On the other hand, take a look at how few programs contains sufficiently high spatial video frequencies to warrant the number of pixels provided by 1080i or even 720p. There are a few programs, but far less than half of what's aired as "HDTV" even justify such pixel resolution. But big screens with big pixel counts attract consumers.

Our local PBS affiliate boradcasts "HDTV" at about 10mbps, not counting null packets, of course. It's about the same as the maximum bitrate allowed for SD DVDs! Is that gonna work very well for 1080i? Gee, I don't think so! Even the ATSC maximum of 19.4 is pretty marginal and should've been made higher in the HD standard. Any scene changes or high motion produces blocks, even at 19.4 mbps, and broadcasters are trying to use far less than that.

I could rant on and on and I won't even get into the picture quality damage by broadcasting recompressed feeds with local watermark logos and other advertisements.


arrghhhh! Thanks for listening. ;)

Cal
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Old April 5th, 2006, 04:41 AM   #12
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Quote:
Originally Posted by Calin Brabandt
Virtually no full-ATSC bandwidth feeds (19.4 mbps) are available anywhere (cable or satellite). Even when there are no shared sub channels, the bandwidth is often constrained by the primary feed so it WILL fit into a small pipe for the broadcasters that carve up their bandwidth into subs (consumers get the least common denominator in picture quality!) Even if the video stream bitrate appears to be worthy of the term HDTV (approaches 19.4 mbps) its is probably full of null packets that can be stripped losslessly (without transcoding) by the local affiliates or the cable companies in the sky to fit more channels in the pipe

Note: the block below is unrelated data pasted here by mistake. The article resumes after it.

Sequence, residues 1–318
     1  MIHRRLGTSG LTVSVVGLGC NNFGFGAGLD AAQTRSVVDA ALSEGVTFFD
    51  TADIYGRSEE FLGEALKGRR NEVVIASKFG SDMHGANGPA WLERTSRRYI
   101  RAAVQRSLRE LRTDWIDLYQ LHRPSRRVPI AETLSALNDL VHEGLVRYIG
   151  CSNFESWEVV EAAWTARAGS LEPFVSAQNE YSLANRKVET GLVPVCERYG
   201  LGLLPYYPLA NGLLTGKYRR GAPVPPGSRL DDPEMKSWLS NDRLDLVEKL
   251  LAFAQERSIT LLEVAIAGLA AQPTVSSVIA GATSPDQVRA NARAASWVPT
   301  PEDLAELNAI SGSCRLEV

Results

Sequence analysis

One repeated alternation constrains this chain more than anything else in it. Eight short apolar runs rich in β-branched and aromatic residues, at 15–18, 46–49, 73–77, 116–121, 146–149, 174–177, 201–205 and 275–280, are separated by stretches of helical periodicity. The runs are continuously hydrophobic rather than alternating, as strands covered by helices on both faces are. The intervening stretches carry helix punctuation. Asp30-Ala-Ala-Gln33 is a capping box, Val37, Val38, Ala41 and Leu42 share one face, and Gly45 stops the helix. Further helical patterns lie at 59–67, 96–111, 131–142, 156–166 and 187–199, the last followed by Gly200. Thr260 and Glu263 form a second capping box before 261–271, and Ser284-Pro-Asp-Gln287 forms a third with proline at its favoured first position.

Eek, there should be a standard for the minimum bandwidth for a resolution, though I can't say who should do that here.

In Australia, they got into this massive fantasy land where we suddenly got cable providers and UHF TV (that gives worse reception, the opposite of what there promised) so we could have lots of new channels, like in America. But the truth is that with 20 Million people and five networks (that actually can fit in the VHF spectrum with the repeaters) there was no real room for new channels, even the few cable providers have had a hard time. Life is complicated enough with five channels, I imagine with the amount of channels I hear you have in America, things must be very confusing. Where is this going, it would have been better if they made a series of 38.8+ channels instead, with genuine minimums like 30Mb/s for 1080p, and 20 for 720p, and something like 8.8Mb/s for SD.

Quote:
On the other hand, take a look at how few programs contains sufficiently high spatial video frequencies to warrant the number of pixels provided by 1080i or even 720p. There are a few programs, but far less than half of what's aired as "HDTV" even justify such pixel resolution. But big screens with big pixel counts attract consumers.
In recorded content I agree, video tends to deal harshly with detail, but I like noticing the texture, grain (real grain, not "spotty film") and faces, on a theatre screen, and it would be good to have that on the HDTV.

Quote:
Is that gonna work very well for 1080i? Gee, I don't think so!
Hmm.. Ironically that sounds like something that doctor "house" would say, which is just about to start.

Quote:
arrghhhh! Thanks for listening. ;)

Cal
Understood, I'm with you. I hope they eventually go to h264 at least.